The primary research focus of the Karner Lab is to create and utilize novel mouse genetic models to study the role of cellular metabolism during skeletal development and disease.  We combine conditional and transgenic mouse models with primary cell culture, biochemistry, transcriptomic and metabolomic approaches to understand the contributions of various metabolic pathways to the development and maintenance of the skeleton.  Trainees take a leading role in one of several projects in the laboratory. These projects include interrogating the role of amino acid metabolism in cell lineage determination; identifying modes of action and regulation of amino acid metabolism in skeletal cells in development and various diseases; identifying the molecular usage of individual amino acids during cellular differentiation; and identifying new osteoanabolic strategies to stimulate bone formation in patients with osteoporosis.  We currently have federally funded projects that focus on the individual amino acids glutamine and proline in osteoblasts but we are always interested in the role of other amino acids and other cell types including osteoclasts, adipocytes, and chondrocytes.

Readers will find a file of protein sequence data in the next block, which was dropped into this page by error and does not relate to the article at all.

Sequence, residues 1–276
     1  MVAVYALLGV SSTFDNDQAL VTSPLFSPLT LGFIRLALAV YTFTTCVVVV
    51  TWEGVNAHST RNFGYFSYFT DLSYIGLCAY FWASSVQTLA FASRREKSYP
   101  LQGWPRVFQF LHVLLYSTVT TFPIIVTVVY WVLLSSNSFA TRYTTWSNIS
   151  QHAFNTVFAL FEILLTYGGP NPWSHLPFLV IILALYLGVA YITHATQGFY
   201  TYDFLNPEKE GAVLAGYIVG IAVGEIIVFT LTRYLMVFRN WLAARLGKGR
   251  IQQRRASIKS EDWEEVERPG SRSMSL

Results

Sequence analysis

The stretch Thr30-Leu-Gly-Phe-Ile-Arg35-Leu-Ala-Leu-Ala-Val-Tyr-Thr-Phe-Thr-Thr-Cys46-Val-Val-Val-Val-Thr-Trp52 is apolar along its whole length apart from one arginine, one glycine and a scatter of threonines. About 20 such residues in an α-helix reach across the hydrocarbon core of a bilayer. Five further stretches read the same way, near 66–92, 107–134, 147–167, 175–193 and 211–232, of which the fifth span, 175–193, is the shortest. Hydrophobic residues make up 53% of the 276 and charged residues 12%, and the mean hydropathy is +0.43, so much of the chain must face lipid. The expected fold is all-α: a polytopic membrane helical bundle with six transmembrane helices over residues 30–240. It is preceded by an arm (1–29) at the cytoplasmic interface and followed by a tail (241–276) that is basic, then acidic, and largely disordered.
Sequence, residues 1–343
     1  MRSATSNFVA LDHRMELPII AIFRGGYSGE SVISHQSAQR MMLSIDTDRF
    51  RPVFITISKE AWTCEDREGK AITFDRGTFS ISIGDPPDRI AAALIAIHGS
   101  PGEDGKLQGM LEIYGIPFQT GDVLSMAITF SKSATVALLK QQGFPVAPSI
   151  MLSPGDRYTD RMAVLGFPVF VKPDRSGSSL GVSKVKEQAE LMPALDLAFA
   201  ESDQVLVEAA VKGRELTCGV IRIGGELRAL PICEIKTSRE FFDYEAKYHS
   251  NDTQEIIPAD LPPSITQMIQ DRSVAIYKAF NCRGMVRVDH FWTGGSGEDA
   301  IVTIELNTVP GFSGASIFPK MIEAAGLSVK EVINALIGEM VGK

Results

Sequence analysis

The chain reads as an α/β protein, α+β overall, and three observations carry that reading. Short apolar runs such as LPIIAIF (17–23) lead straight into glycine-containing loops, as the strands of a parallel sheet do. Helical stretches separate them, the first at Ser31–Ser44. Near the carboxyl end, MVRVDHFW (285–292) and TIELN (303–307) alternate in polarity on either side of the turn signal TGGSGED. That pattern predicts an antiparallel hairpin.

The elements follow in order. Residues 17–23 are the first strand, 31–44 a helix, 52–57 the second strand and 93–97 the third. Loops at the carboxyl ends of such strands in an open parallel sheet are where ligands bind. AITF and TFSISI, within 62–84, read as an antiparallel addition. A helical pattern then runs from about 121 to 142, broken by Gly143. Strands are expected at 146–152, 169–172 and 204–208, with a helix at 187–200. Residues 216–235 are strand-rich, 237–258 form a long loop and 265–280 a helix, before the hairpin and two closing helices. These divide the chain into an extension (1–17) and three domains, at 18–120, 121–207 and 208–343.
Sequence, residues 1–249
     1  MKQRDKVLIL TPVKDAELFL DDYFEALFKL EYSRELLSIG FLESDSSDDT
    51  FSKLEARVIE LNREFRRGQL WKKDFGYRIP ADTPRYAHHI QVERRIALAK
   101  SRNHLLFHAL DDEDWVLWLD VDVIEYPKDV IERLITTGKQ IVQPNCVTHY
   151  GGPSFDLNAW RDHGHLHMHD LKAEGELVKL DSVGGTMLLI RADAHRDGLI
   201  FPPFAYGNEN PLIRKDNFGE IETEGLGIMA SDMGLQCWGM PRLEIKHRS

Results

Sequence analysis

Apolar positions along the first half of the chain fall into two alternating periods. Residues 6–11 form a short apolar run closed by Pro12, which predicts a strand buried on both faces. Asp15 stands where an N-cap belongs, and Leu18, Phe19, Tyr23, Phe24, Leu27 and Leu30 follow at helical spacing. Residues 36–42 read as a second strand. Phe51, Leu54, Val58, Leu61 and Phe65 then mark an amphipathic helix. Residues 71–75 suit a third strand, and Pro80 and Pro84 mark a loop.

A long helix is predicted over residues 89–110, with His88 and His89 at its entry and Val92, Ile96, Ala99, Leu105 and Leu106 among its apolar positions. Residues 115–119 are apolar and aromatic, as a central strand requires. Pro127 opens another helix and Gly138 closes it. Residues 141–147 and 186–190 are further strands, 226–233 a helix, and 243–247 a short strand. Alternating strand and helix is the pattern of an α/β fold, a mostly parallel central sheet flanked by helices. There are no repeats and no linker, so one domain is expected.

Microscopic example of Karner Lab's research